Uniform Transfer to Minors Act (UTMA) and Uniform Gift to Minors Act (UGMA) accounts in the United States are accounts that belong to your child, but you can deposit money into. When the child attains his/her majority, the money becomes theirs to spend however they wish. Prior to attaining their majority, a custodian must sign off on withdrawals.
Now, they are not foolproof; legally, you can withdraw money if it is spent on the child's behalf, so that can be gamed. What you can do to protect against that is to make another person the custodian (or, perhaps make them joint custodians with yourself, requiring both signatures for withdrawals).
UTMA/UGMA accounts do not have to be bank savings accounts; for example, both of my children have accounts at Vanguard which are effectively their college savings accounts. They're invested in various ETFs and similar kinds of investments; you're welcome to choose from a wide variety of options depending on risk tolerance. Typically these accounts have relatively small fees, particularly if you have a reasonable minimum balance (I think USD$10k is a common minimum for avoiding larger fees).
If you are looking for something even more secure than a UGMA or UTMA account, you can set up a trust. These have several major differences over the UGMA/UTMA accounts:
- Trust documents can explicitly state what purposes money may be withdrawn for.
- Trusts can turn over control to the beneficiary at a later (or earlier) date than a UGMA/UTMA account, which has a legally defined date the child gains control. For example, a parent cannot require a UGMA account be used to fund college - the child could do whatever he/she wants with the money at 18. A trust could require the funds be spent on college, and only turn over excess proceeds at 25, for example.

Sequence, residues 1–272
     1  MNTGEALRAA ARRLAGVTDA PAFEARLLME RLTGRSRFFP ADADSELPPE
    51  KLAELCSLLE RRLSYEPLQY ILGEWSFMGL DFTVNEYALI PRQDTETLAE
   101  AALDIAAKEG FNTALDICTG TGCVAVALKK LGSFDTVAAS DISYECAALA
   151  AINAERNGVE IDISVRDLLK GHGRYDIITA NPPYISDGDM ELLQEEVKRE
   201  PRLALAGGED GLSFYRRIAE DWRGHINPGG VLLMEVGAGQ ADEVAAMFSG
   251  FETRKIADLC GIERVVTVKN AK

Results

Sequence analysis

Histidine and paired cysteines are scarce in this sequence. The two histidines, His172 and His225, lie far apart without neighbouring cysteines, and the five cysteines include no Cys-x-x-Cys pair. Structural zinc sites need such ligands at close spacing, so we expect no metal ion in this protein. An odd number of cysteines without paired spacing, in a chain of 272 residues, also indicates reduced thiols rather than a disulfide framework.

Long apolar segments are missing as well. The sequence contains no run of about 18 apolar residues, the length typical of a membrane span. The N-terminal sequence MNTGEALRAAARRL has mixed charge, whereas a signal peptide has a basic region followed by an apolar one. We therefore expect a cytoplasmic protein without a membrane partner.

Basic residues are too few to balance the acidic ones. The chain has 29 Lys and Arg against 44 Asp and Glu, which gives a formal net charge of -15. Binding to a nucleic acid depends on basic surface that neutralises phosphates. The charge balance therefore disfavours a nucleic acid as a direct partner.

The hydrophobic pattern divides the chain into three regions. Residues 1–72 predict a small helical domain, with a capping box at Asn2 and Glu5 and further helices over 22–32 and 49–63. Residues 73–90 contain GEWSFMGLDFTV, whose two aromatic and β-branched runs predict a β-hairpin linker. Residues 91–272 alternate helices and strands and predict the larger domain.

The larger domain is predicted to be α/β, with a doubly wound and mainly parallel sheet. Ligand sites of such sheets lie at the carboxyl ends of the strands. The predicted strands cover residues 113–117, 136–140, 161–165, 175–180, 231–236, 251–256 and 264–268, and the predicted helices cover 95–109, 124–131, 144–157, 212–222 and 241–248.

- Trusts will cost significantly more money to set up (as a lawyer will need to be involved, most likely), but the lawyer may also provide an additional level of confidence the money cannot be disbursed improperly.
Some of course consider the second point an advantage, some a disadvantage - we (and Grandma) prefer to let our children make their own choices re: college, while others may not prefer that.
Also worth noting as a difference - and concern to think about - in these two. A UGMA or UTMA account that generates income may have taxable events - interest or dividend income. If that's over a relatively low threshhold, about $1050 this year, those earnings will be taxed (on the child's own tax return). If it's over $2100 (this year), those earnings will be taxed at the parents' tax rate ("kiddie tax").
Trusts are slightly different; trusts themselves are taxed, and have their own tax returns. If you do set one of those up, the lawyer who helps you do so should inform you of the tax implications and either hook you up with an accountant or point you to resources to handle the taxes yourself.